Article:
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Gesneriad seeking name......

Posted by Calla_Lady Z8 North. Calif (My Page) on
Wed, Sep 15, 04 at 16:13

I found this plant at a plant sale with a tag stating "Gloxinia hybrid". I think somebody just decided to give it any old gessie name or was truly mistaken. I have never been one to turn down a plant without a name, but hoping somebody (Jon??? lol) will recognize it. It really looks like a fuzzy, Nematanthus to me displayed in an usual manner (staked). Some of the leaves are about 2 -3" long and the flowers at least an inch long.



Thank you for taking a look, Alicia


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RE: Gesneriad seeking name......

  • Posted by Jon_D Northern Calif. (My Page) on
    Thu, Sep 16, 04 at 0:53

Oh yes, that old thing....(Ive been wanting to say that for a long time.). Would you like the long story or the short answer? Ok.

Well, it was back in the late 80's An organization in Florida called the Gesneriad Research Foundation, now defunct, put out a list for mail order, as a fund raiser. The SF club put together a group order and I ordered all the nematanthus, which included several new species and a bunch of new nematanthus hybrids, all made the foundation's founder and employee, botanist, Hans Wiehler. Nearly all of the hybrids and species found their way to our various gesneriad specialty growers as well as AGGS members, who do a lot of propagating. But this one got lost. I knew the name, and had a vague memory that it was one that I had ordered but hadn't seen the label in years; so I thought I had long ago lost it. Then, about 2 years ago I gathered up my nematanthus to make a list and I found that I had three pots of N. hirtellus, but one was different (and nicer). Then I dug around underneath the oak leaves and found the label. So....., this one is Nematanthus 'Petropolis', named for a beautiful city famous for its gardens in the mountains of Brazil. Hans also used Brazilian city names for other hybrids introduced that year--'Ubatuba', 'Sao Paulo', and 'Sorocaba'. Your plant must have come from the ones I propagated when I realized what it was. A plant may have gone to Strybing or it might just be that they also had the plant all these years ago at the same time as our club, but had lost the name. I think they also ordered from that GRF list (it was the only time that GRF put out a list--too bad!).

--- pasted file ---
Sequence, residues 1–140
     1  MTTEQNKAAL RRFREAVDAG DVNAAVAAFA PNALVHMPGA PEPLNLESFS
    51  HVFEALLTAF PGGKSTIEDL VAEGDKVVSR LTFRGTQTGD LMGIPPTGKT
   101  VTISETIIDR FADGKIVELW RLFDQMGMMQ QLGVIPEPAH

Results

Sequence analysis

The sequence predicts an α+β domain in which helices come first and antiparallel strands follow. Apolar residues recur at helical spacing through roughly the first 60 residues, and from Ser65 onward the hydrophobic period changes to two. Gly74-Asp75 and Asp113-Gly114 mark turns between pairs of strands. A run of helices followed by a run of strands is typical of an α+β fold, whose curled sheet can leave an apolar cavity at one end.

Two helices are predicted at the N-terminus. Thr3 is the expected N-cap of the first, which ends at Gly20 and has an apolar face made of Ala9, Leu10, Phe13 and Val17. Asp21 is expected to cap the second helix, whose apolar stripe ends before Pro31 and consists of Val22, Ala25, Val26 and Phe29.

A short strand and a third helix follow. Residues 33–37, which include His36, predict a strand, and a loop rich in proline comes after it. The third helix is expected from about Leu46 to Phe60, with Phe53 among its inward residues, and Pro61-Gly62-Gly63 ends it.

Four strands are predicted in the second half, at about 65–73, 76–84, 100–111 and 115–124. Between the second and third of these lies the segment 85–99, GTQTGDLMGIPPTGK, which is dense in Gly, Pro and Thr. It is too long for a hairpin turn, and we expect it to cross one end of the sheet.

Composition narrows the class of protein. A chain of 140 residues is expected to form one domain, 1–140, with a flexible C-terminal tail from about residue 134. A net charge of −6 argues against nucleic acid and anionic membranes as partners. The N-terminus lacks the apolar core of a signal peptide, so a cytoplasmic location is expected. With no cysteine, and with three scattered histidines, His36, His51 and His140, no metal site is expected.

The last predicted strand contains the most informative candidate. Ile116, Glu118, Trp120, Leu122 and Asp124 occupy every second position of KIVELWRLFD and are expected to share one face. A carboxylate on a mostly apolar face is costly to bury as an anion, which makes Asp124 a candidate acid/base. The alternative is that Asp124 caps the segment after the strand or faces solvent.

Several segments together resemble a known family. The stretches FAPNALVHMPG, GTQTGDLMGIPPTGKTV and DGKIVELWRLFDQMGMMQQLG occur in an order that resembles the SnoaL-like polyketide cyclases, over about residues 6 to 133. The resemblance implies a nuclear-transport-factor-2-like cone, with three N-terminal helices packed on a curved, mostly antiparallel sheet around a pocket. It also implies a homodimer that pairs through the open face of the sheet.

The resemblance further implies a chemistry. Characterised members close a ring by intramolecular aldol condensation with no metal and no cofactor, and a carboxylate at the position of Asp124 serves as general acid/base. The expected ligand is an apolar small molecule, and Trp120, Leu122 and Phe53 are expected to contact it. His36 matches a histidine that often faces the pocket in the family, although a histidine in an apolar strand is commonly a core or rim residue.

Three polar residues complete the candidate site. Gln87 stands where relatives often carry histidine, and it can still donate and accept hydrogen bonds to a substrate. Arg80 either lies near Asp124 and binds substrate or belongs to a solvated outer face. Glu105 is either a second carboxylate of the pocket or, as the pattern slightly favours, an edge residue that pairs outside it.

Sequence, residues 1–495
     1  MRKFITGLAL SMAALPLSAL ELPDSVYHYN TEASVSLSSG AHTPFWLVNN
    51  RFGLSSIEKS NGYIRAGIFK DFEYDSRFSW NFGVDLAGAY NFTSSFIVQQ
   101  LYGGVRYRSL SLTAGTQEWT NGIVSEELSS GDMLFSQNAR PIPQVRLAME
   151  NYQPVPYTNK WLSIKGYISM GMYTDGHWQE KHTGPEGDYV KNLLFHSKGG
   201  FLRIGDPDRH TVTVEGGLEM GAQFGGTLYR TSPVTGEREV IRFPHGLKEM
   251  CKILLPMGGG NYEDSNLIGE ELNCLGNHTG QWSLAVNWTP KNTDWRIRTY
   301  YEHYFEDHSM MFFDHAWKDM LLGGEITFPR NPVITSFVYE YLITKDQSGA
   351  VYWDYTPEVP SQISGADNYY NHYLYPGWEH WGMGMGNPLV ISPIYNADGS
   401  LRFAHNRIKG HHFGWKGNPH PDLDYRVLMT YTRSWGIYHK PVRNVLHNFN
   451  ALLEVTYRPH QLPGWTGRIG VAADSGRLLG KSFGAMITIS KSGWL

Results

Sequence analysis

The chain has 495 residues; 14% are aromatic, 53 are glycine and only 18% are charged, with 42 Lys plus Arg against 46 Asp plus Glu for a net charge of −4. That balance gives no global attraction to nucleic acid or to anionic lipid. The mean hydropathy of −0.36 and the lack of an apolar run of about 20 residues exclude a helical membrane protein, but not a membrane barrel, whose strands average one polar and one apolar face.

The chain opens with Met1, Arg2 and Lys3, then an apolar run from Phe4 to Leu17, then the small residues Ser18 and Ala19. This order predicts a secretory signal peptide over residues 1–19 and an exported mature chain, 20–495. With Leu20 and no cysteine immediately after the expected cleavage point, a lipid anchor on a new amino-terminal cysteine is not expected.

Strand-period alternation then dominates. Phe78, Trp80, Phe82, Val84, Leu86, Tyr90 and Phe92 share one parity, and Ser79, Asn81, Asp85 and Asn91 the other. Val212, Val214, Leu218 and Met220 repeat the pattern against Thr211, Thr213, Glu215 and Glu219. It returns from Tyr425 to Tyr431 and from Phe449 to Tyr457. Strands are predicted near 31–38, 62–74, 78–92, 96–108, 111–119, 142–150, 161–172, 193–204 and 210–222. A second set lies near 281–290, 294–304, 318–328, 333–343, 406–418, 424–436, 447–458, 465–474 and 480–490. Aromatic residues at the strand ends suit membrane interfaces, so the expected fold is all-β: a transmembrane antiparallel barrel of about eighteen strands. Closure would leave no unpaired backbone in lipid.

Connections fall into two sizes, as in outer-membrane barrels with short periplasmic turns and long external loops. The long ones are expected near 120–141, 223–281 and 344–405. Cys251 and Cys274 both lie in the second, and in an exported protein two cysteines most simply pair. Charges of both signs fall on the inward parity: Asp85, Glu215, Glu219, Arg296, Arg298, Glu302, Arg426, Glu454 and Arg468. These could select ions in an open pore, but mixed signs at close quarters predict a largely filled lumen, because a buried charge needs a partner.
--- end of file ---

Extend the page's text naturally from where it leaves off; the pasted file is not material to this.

Anyway, it differs from the species hirtellus in having a bigger yellow corolla. Both have that black-maroon calyx. 'Petropolis' seems to be a faster grower and a better bloomer too. I seem to have flowers on it all summer though I really need to take better care of it. It does get leggy if left to its own devices. I recommend starting cuttings and potting up multiple cuttings in a pot, then pinching as it grows out. It looks like you use fertilizer well, so you will no doubt produce a big heavily flowering specimen. Like other nematanthus it loves being outside for most of the year, and I grow most of mine outdoors. When I found this plant, it had been outside for many years, but for some reason I moved it into the greenhouse. So, that's the short answer ;)

Jon


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RE: Gesneriad seeking name......

Jon - I just knew that you would be the man with the answer! LOL. Yes this did come from Strybing and when I was trying to figure out why it had been named Gloxinia hybrid I swear I heard it whisper "....jon_d.....hehe, so I would not doubt for a moment that it is one of your babies.

Actually what you cannot see from any of these pictures is that it is loaded with buds! I foresee a long flower show ahead of me. I was thinking I would cut it back after it finished flowering. Have you ever seen a Nematanthus displayed this way? (staked). Kind of interesting, especially since they had it in with the vines, hanging out with some Manettia, Asarina, Kennedia etc (the wild crowd!)... instead of with the houseplants.

Thank you! I love the story :o)

Alicia


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RE: Gesneriad seeking name......

That is totally AWESOME! I thought Nematanthus was the goldfish family. I guess it all goes to show that each plant family has totally different looking members.

Thanks for the picture!


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